Arriving on the evening of the launch, my eyes were met by a roomful of people, the place buzzing with excitement, and vibrating with the electricity that happens when a room full of creative individuals come together. To the left of the entrance was a featured art piece by Cassie de Jong. A stand up lamp, naked without its shade, and a curiously adorned light bulb atop it. Throughout the night, the bulb changed, totaling six different bulbs with varying black patterns.
I spoke with de Jong about the project, and learned that it represented creativity and ideas that become shrouded by anxiety, and the fear of being judged by others. A more in-depth discussion on this beautiful piece can be found in the Louden Singletree publication.
As the night progressed, I heard a reading from a first-time contributor to the project, Chloe Redlin. I asked how she became involved in the project.
“I saw a poster on the bulletin board, and thought, why not? It’s a great option for literary students who want to try something new, get something published.” Her poem Dancing with Life can be found in this edition of the Louden Singletree.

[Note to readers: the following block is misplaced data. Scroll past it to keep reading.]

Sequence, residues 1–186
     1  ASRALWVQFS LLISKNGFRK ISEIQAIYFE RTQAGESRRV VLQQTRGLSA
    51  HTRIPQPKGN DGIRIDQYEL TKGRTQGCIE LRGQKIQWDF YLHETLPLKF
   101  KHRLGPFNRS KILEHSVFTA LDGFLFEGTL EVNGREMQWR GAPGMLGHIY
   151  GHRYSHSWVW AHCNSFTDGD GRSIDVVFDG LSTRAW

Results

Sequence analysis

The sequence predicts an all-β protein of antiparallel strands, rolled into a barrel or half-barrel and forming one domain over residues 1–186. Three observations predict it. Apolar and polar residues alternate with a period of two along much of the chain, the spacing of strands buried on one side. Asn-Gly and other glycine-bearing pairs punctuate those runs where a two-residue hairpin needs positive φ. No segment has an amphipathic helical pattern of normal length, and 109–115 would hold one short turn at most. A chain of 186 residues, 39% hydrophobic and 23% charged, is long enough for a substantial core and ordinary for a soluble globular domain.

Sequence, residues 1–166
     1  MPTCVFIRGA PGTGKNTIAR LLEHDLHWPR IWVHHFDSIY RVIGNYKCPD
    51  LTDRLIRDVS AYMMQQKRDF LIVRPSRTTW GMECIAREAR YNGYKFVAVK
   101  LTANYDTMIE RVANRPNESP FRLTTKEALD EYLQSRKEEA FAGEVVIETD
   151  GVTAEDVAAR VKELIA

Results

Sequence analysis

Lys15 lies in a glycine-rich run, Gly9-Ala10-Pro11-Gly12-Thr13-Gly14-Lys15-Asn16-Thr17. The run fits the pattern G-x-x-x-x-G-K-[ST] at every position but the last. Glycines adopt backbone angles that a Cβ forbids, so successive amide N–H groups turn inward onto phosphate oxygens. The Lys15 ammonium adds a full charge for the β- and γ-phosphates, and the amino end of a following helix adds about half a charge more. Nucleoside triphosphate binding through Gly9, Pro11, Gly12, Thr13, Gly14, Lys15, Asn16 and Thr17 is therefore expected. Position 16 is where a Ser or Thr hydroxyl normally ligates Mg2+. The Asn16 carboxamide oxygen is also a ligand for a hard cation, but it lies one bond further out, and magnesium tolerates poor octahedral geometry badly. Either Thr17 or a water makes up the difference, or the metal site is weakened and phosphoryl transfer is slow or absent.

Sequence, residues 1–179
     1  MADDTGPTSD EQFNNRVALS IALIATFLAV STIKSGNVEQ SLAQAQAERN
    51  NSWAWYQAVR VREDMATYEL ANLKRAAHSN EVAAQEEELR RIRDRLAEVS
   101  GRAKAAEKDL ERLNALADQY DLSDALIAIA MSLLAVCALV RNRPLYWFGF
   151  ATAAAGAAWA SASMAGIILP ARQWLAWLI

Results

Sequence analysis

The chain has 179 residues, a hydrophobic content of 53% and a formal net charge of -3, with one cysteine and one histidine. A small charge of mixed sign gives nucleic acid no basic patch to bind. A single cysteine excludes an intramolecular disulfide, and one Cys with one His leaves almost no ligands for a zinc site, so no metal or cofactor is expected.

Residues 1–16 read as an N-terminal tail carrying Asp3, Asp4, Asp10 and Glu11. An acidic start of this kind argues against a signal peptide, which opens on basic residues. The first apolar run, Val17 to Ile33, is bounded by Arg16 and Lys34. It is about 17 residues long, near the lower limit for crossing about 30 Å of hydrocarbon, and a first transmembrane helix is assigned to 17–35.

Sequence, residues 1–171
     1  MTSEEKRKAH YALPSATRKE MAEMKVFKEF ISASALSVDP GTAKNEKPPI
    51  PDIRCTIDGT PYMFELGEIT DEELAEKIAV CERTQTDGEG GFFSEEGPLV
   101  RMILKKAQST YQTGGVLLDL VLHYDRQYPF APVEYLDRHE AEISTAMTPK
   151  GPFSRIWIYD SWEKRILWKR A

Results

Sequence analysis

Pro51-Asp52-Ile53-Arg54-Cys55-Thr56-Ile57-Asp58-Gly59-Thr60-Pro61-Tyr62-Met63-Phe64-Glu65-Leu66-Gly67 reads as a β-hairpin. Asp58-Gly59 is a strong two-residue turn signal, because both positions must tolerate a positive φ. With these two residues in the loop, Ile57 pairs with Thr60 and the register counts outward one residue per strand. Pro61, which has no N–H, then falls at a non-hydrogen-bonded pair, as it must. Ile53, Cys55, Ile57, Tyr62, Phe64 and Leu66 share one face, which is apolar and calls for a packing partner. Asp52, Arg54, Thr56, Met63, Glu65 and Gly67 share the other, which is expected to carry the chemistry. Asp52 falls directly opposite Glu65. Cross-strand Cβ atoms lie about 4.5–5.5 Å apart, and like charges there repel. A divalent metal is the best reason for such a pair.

Laurel Logan, who is on the editorial board, wore many hats in the making of this publication. “I did copy editing, I was the webmaster for checking emails, treasurer stuff, secretary stuff…” She is incredibly pleased with the way the whole project turned out. “I was so excited when we got all the boxes, and we looked at the first copy and we were just like ‘Oh my gosh, it’s beautiful.’ We think the colour came out beautiful, and the whole design is really good. Joel [Robertson-Taylor] designed the whole thing. He put this whole thing together last minute. Definitely a team effort — a lot of people helped with this.”
This team worked hard to produce a compilation of phenomenal talent and work. Going forward, Logan hopes that more people will become involved in this project. “I think more people should be submitting — the more the merrier. It’s a blind reading, so we’re not even going to know who you are. UFV is such a small community anyway, and the people who submit, it’s not the entire school submitting, so everyone has a great and equal chance to get in, and it’s a great opportunity, and it’s really, really, really cool to see your work in print, in a physical copy.”
Copies of the book can be found distributed across Abbotsford campus. For more information on contributing to next year’s edition, check the UFV website. The editorial board will announce the deadline.